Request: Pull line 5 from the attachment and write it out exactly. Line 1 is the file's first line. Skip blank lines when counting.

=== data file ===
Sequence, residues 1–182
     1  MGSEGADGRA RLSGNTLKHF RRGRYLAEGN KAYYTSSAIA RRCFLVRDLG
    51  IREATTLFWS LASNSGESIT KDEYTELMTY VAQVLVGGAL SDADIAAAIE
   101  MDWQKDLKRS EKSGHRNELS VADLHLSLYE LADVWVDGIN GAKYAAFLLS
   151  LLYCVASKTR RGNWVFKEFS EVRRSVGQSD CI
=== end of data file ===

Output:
   151  LLYCVASKTR RGNWVFKEFS EVRRSVGQSD CI